Carah Ong Whaley
James Madison Center for Civic Engagement
Dr. Carah Ong Whaley is Associate Director of the James Madison Center for Civic Engagement at James Madison University where she is responsible for programming to embed civic engagement in the campus experience. At the heart of her research interests is a desire to understand and illuminate how the interactions of political actors and institutions structure public access and participation in policy- and decision-making processes.
Carah has developed innovative pedagogy melding scholarship and experiential learning to teach courses on civic engagement, campaigns and elections, and state and local politics. Her dissertation explored the politics of cleaning up the environmental contamination that resulted from the testing, development and production of nuclear weapons, with a focus on the role of community-based groups in developing expertise and engaging the public in policy- and decision-making processes.
Recent research and publications include American Government: Roots and Reform (co-authored chapters with Dr. Larry Sabato on Political Parties, Campaigns, Elections and Voting, and The Media). With Dr. Walter Heinecke, she is co-editing a new book series on “Global Civic Engagement” (Forthcoming, Information Age Press).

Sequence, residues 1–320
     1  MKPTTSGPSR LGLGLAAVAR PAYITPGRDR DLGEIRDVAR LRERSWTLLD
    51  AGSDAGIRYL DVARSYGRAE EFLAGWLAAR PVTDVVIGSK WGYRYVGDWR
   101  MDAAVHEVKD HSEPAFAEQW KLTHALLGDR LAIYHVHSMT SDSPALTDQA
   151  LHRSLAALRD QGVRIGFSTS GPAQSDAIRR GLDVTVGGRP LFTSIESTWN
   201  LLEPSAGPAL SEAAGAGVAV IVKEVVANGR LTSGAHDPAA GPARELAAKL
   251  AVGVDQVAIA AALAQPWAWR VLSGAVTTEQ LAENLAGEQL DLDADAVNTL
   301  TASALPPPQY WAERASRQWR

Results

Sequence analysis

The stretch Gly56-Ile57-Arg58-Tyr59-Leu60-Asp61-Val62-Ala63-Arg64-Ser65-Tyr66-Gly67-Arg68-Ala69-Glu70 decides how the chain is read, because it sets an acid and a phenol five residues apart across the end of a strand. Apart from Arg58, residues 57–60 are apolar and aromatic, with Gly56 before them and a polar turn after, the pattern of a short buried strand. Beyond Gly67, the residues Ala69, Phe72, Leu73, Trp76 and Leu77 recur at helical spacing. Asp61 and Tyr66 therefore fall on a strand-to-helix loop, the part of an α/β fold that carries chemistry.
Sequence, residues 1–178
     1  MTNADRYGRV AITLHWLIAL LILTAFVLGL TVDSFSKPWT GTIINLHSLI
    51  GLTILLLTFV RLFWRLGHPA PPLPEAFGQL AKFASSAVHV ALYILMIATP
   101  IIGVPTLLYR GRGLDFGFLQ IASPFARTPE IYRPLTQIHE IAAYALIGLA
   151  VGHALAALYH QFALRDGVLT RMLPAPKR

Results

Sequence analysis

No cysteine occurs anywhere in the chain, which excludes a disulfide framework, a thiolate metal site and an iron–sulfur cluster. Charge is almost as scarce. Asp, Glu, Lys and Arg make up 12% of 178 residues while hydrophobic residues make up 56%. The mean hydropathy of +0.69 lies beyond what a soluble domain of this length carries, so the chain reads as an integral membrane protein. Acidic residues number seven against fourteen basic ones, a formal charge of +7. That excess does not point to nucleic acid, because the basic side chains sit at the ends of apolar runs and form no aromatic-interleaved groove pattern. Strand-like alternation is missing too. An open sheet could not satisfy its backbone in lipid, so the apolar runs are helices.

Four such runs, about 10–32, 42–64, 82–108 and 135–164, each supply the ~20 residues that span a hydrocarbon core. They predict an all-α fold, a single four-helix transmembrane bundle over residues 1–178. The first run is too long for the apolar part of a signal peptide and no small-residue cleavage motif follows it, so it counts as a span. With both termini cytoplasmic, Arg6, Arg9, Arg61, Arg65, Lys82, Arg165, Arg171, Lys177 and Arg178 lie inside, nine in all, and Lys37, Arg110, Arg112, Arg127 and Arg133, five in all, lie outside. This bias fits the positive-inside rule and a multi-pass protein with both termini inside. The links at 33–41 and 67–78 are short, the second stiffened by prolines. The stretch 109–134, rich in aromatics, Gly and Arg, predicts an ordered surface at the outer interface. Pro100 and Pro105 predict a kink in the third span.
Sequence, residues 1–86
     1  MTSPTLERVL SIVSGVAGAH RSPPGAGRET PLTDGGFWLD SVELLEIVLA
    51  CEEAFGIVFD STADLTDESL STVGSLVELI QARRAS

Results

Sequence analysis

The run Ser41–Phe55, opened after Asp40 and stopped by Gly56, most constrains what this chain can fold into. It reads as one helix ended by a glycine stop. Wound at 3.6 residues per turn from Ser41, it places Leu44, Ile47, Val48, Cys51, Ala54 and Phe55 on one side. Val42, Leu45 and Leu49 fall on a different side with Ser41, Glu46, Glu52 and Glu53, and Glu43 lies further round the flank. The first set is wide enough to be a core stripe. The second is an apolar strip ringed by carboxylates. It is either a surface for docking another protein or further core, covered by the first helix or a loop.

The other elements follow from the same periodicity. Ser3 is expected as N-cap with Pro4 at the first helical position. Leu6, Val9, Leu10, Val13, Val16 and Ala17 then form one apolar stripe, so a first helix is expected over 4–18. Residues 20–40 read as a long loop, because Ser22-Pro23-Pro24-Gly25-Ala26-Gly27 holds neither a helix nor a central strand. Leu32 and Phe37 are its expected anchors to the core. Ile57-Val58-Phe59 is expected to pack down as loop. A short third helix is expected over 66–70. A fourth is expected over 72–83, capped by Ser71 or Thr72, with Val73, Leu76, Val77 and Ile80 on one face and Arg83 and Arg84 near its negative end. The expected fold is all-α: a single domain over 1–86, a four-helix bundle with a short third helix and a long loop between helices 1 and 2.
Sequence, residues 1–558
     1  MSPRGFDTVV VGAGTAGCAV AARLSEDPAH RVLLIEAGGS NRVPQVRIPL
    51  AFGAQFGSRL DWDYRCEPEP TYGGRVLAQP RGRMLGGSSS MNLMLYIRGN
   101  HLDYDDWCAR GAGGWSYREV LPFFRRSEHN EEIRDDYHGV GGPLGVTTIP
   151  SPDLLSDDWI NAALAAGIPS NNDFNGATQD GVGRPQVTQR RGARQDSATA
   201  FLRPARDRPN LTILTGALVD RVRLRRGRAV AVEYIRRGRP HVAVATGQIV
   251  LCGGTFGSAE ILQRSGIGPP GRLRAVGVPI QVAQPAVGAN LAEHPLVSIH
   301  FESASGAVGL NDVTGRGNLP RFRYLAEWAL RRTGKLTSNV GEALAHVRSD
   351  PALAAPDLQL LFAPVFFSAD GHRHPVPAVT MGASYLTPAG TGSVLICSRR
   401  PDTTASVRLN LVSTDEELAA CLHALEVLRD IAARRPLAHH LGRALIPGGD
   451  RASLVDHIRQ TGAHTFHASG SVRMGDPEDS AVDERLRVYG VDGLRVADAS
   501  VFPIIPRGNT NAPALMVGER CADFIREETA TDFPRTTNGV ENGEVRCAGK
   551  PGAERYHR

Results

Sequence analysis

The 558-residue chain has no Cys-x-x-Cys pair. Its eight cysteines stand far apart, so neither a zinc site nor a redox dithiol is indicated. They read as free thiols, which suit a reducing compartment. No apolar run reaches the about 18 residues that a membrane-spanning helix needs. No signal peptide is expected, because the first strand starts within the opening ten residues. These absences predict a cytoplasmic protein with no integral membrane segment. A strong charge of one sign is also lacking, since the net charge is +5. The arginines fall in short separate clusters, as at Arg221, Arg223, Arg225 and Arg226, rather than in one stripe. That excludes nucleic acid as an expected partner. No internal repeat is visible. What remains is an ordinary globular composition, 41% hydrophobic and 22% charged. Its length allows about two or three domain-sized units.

Carah has previously worked at the University of Virginia’s Center for Politics, which included assisting with Leaders for Democracy fellowship programs, working with delegations from the Middle East and Africa region, and Mongolia. She also worked in the Governing America in a Global Era (GAGE) program at the Miller Center for Public Affairs. From 1999-2012, she worked as a research and program director for non-governmental organizations on nuclear and security issues and traveled around the world to engage with communities on these issues.
Carah holds a PhD in American Government, and an MA in Foreign Affairs from the University of Virginia. Carah is originally from San Diego, California and received a Bachelor of Arts in Spanish and Global Peace and Security from the University of California at Santa Barbara.